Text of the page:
A Bit of Fiction: See Ya Later, Sky!

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Once upon a time, there was a little boy. He was a very little little boy and he didn’t like that very much. He wished he was a bigger little boy, taller and stronger so that he could run faster and fight better. His mother called him her Tiny Tim and he didn’t like that very much either. His name was Felix.

On Saturdays, Felix crossed the stream that ran behind his house and went into the woods. Felix didn’t have any friends, and he didn’t like that very much, but he knew the woods very well, which was okay. He could play in the woods for hours, chasing birds, building things, sometimes digging holes for no reason at all. His mother had a bell she would ring when it was time for him to come home and when that happened, Felix would always look up at the sky and say “See ya later, sky!”

He was really talking to his dad, of course, who lived up in the sky along with every other nice person who died in wars. His mother didn’t like wars, neither did his grandfather. They never spoke about them. But Felix thought that, except for the fact it would have been nice to have his father around sometimes, wars must be wonderful things. You learned how to fight, so no one could ever be mean to you or drop your things in the mud and you also got to protect people who couldn’t fight. You got medals if you were especially brave and a uniform and you made friends. Felix knew that when he finally grew up, he was going to be a soldier.

His mother never spoke about his father either. Felix was not even allowed to say his father’s name in the house or else his mother would cry. Sometimes he whispered it under his breath, but only when he was far away on his Saturdays in the wood. He would say “Colonel Andrew Matheson” over and over again as he fought mock sword battles with hanging branches. But he never said it properly, never out loud, just in case.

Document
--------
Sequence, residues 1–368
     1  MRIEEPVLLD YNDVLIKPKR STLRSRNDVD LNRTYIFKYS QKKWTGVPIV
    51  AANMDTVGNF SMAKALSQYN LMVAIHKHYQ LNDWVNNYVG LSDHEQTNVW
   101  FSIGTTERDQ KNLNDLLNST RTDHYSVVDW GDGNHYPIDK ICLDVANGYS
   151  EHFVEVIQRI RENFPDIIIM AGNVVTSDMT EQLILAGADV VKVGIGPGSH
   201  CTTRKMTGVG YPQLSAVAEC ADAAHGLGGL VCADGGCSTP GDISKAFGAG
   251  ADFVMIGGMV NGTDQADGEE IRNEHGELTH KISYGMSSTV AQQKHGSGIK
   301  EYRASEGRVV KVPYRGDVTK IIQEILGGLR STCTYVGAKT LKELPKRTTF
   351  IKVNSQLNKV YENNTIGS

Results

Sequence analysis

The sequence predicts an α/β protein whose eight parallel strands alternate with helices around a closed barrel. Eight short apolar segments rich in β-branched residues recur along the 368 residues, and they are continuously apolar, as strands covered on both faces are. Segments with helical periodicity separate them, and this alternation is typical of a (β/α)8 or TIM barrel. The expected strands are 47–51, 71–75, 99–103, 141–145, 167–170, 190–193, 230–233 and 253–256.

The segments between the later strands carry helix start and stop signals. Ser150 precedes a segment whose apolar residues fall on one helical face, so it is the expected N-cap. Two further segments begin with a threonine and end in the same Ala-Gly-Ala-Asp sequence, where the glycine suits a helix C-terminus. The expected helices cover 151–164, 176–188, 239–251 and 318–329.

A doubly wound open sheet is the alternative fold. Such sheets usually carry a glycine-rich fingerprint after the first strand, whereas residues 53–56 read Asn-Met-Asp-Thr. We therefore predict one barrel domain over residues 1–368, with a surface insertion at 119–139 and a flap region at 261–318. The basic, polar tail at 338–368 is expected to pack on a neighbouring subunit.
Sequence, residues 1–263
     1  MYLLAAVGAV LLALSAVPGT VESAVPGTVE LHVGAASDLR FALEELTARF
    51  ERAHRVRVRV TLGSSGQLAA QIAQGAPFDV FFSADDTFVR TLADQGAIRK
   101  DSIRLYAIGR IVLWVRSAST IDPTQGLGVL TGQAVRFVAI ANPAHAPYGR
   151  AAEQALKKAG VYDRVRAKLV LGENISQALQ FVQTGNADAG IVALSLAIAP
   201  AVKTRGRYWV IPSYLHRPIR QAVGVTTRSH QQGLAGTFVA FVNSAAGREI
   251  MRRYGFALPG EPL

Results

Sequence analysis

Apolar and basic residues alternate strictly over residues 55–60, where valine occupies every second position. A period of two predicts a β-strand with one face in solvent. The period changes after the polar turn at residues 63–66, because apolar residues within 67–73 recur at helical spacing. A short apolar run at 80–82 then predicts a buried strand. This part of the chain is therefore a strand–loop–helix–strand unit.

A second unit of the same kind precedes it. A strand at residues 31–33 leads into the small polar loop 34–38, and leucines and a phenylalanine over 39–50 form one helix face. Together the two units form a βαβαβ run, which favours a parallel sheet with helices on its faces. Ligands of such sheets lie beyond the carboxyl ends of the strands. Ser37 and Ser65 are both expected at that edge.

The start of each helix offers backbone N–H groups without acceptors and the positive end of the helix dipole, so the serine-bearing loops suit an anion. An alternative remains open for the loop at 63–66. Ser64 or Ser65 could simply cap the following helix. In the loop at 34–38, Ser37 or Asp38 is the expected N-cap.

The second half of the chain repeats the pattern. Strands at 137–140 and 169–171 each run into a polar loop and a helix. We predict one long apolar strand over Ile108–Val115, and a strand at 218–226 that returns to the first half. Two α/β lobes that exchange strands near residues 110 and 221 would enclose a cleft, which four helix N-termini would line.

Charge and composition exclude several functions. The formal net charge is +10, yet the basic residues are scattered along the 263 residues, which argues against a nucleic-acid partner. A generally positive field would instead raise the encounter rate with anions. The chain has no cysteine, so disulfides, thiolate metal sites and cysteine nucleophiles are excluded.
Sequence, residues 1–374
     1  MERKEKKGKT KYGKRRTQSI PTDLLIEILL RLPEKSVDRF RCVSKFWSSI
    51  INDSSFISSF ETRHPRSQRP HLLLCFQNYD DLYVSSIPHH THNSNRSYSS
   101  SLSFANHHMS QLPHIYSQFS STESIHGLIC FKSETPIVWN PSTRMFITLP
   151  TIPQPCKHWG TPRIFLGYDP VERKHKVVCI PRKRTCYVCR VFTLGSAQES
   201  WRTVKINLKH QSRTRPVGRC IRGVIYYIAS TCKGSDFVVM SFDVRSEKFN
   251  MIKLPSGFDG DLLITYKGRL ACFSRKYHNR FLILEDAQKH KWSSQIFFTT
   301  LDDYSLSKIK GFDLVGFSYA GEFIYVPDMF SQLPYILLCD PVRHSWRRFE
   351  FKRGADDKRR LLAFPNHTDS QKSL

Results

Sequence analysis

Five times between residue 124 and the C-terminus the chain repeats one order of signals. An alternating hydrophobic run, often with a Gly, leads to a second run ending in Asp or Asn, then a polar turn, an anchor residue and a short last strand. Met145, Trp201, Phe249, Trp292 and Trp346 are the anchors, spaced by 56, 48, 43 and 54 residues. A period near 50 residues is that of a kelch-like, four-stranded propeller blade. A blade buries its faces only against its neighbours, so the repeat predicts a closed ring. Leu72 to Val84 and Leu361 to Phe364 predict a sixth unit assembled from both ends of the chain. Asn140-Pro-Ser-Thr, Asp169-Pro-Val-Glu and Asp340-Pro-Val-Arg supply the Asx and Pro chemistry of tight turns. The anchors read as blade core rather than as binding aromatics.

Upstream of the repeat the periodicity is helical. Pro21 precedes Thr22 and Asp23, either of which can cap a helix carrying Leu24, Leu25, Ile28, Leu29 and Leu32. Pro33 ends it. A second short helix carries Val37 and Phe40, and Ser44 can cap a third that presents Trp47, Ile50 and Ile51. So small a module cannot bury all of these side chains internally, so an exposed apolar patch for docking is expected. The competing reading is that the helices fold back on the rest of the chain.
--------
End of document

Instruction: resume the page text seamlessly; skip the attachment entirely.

One Saturday, Felix got home to find his grandfather had come over for supper. Felix liked his grandfather very much; he told stories and grumbled a lot and never called Felix Tiny Tim. His mother had made sausages and mashed potatoes, so it was a nice supper. Afterwards, Felix’s mother went outside to ‘check the mailbox’ which is what she said whenever she wanted to have a cigarrette. She checked the mailbox three times a day and sometimes more, like when his grandfather came to visit. Felix could see from pictures that his grandfather looked a lot like his dad.

Felix decided to ask the question he had been wanting to ask for at least two weeks now.

His grandfather went quiet and closed his eyes, the way he did whenever Felix asked him anything that reminded him of his father. His eyes were closed for a long time. Just when Felix thought he had fallen asleep- he did that sometimes- he opened them again, although he seemed to looking at something over Felix’s shoulder, not at his face like normal. Felix turned around to see what his grandfather was looking at, but there was nothing there.

 “The reason why wars are fought, son, is because people always want more. It’s a stupid thing, but it’s as much a part of being human as breathing and speaking a language. We will always have wars because people will always want more. It wouldn’t be so bad if we cared a bit more, about how many people went away to fight and how few of them came back. But as the world gets older, we seem to care about that a little less. I’m going to tell you something son, something my grandfather told me. He didn’t make it up, it came out of a book. Someone famous said it. But he didn’t remember who and I’ve never checked. Here it is- are you listening? Good.”

Now, Felix’s grandfather was looking at him.

“If wars must be fought, let them be fought on foot, with swords and sabres. Let each man be forced to look into the eyes of the man he would kill and perhaps, seeing himself reflected, remember mercy.”

Felix’s mother came back in just then and they had ice cream. Later that night, Felix repeated those words to himself, over and over again, using his father’s name as the chorus to what would later became a part of the song of his life.

I hope to come back to Felix and the rest of his story later on. 

Love you all, booskis. xx



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